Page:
The New Jersey Bureau of Securities has ordered three website operators to stop luring romance-seeking victims into their fraudulent cryptocurrency investment schemes.
The three firms hit with the cease and desist orders were Meta Capitals Limited, Cresttrademining Limited and Forex Market Trade, according to a Feb. 3 press release from New Jersey’s Attorney General Matthew Platkin.
All three firms claimed to be cryptocurrency trading platforms, where they would entice victims into copying the trades of their “expert traders” so that they can make big returns.
But to recruit them into the scheme, these companies often resort to romance seekers on online dating apps like Tinder to recruit them through what is known as the “pig butchering” scam.
Online scammers are taking advantage of investors in a new scam known as “pig butchering” where victims are “fattened up” before scammers take all they can. With today’s cease and desist orders we’re protecting NJ from cryptocurrency fraud. https://t.co/Q6xX5l4Ohk
— Attorney General Matt Platkin (@NewJerseyOAG) February 3, 2023
“Pig butchering” is a scam where cybercriminals use social media to contact victims, instigate a romantic relationship and then lure them into a fraudulent cryptocurrency investment scheme once they’ve gained their trust.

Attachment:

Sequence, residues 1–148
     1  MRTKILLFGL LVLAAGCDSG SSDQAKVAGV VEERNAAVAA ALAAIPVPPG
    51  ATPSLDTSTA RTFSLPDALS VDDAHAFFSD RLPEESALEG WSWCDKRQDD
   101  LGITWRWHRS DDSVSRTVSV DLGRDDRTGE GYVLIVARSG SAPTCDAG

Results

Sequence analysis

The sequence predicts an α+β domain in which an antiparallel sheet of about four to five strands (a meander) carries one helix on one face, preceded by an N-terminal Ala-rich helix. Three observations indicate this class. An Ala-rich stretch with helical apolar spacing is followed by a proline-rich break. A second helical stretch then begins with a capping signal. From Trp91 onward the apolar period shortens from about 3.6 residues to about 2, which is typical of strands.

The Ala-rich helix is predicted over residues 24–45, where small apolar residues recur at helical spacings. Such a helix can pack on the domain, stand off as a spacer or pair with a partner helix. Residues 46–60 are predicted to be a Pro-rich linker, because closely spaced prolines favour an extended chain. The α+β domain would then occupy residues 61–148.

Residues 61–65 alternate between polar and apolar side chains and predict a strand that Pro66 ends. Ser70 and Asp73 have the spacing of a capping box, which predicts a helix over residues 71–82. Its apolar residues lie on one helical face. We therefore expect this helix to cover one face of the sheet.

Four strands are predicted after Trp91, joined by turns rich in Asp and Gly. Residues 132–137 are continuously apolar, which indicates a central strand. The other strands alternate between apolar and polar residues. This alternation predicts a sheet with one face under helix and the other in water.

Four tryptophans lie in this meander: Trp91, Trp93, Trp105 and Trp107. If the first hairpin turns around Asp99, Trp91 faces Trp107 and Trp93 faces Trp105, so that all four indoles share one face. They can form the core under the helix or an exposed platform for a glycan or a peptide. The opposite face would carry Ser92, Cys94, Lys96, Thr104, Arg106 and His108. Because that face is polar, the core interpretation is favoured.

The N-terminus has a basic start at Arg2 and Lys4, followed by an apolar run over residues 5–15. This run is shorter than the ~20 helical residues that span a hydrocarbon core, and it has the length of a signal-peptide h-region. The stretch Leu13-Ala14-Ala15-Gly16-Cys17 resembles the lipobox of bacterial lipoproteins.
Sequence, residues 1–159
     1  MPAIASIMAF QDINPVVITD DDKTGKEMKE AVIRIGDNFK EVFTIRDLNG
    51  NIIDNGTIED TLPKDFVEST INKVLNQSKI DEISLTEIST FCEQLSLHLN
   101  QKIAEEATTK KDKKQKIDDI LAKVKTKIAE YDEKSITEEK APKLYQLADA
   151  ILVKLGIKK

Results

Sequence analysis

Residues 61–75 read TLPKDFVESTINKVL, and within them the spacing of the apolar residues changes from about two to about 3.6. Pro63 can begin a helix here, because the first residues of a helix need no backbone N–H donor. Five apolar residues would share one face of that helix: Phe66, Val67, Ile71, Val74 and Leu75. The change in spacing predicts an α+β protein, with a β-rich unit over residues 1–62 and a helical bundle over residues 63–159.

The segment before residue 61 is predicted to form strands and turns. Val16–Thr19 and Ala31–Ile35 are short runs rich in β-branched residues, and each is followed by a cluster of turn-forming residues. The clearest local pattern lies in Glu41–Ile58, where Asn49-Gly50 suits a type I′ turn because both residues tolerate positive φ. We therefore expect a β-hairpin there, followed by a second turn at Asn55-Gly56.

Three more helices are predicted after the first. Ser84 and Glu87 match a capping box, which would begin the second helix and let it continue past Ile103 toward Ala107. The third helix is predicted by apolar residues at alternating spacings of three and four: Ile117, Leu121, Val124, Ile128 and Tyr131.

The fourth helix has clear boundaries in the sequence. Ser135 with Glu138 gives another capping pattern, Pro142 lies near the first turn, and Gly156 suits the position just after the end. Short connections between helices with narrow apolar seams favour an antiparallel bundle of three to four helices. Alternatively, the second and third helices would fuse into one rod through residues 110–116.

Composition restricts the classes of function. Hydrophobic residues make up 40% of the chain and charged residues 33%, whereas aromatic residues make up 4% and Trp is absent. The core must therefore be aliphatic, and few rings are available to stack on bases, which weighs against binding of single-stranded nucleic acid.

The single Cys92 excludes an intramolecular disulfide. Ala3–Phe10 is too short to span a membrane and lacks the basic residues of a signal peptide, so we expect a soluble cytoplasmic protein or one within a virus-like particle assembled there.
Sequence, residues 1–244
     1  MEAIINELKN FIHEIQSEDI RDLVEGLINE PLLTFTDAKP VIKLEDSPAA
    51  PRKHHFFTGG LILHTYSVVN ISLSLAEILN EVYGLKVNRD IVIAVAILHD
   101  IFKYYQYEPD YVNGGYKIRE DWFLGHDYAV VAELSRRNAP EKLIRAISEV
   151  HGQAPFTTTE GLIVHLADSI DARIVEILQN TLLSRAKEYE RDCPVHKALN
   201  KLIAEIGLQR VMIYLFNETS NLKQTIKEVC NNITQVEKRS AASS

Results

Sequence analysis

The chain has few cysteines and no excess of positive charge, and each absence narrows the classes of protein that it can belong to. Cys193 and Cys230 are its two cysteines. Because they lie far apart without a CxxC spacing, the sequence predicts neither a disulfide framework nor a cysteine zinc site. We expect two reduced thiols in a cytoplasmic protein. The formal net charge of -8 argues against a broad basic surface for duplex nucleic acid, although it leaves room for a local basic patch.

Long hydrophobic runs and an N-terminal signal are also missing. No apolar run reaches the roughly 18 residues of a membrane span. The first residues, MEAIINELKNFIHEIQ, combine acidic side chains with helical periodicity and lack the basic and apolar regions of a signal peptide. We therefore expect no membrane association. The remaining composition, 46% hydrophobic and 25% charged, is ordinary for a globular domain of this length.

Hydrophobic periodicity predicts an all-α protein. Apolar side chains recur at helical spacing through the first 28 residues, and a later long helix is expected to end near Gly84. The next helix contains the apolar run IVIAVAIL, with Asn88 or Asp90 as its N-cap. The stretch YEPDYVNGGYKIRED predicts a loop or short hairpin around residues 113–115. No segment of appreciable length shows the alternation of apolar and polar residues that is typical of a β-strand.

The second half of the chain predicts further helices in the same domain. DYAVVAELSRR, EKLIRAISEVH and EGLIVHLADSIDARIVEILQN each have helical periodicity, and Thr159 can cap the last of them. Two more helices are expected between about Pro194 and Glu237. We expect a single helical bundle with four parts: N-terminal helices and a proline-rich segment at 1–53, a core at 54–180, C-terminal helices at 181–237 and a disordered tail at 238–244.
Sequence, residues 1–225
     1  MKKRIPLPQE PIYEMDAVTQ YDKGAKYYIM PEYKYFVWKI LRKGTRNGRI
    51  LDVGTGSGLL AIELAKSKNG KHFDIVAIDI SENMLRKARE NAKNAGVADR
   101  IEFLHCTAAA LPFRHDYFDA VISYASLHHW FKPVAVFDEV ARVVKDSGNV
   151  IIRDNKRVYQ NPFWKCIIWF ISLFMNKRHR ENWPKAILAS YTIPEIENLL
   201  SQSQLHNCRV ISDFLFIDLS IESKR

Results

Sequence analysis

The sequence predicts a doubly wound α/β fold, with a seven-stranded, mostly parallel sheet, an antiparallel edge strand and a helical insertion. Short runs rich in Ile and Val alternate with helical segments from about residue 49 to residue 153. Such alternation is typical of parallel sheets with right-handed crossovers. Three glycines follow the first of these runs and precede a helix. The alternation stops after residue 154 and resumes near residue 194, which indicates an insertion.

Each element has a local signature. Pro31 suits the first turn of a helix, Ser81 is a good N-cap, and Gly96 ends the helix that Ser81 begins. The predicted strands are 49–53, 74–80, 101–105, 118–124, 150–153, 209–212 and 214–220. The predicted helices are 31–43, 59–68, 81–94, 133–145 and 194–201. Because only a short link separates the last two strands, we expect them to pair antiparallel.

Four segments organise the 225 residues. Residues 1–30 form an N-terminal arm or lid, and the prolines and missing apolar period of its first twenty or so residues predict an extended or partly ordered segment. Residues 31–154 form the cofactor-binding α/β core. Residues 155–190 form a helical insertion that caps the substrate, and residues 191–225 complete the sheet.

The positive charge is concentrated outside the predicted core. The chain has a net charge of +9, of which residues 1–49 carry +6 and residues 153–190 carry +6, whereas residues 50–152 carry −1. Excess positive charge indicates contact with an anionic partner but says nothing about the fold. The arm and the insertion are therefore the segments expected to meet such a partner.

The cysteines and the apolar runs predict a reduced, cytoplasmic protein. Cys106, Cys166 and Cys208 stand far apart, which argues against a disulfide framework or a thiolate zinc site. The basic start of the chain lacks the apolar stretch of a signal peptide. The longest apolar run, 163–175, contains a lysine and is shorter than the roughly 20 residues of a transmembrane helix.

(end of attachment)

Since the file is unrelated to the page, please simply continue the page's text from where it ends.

Platkin said they’re working hard to protect New Jersey residents getting lured into the investment scam:
“These scammers build up a sense of comradery between them and their victim—all to squeeze every cent they possibly can out of these people with promises of huge returns on investments.”
“We are working around the clock to protect the victims of these types of scams and to show these scammers our laws still apply in cyber space,” Platkin added.
Acting Director Cari Fais of the Bureau’s Division of Consumer Affairs also hopes that the enforcement actions will make it clear that they will “pursue scammers who prey on people’s trust.”
The crackdown comes as the United States Federal Bureau of Investigation (FBI) reported about 4,300 victims to have lost a combined $429 million from pig butcher scams alone in 2021. No statistics have been released yet for 2022.
Chief of the Bureau of Securities Amy Kopleton suggested that the pig butcher scam works well for fraudsters because their target audience is already in a position of vulnerability.
“Even the savviest of investors can have a hard time recognizing fraud when it’s being…
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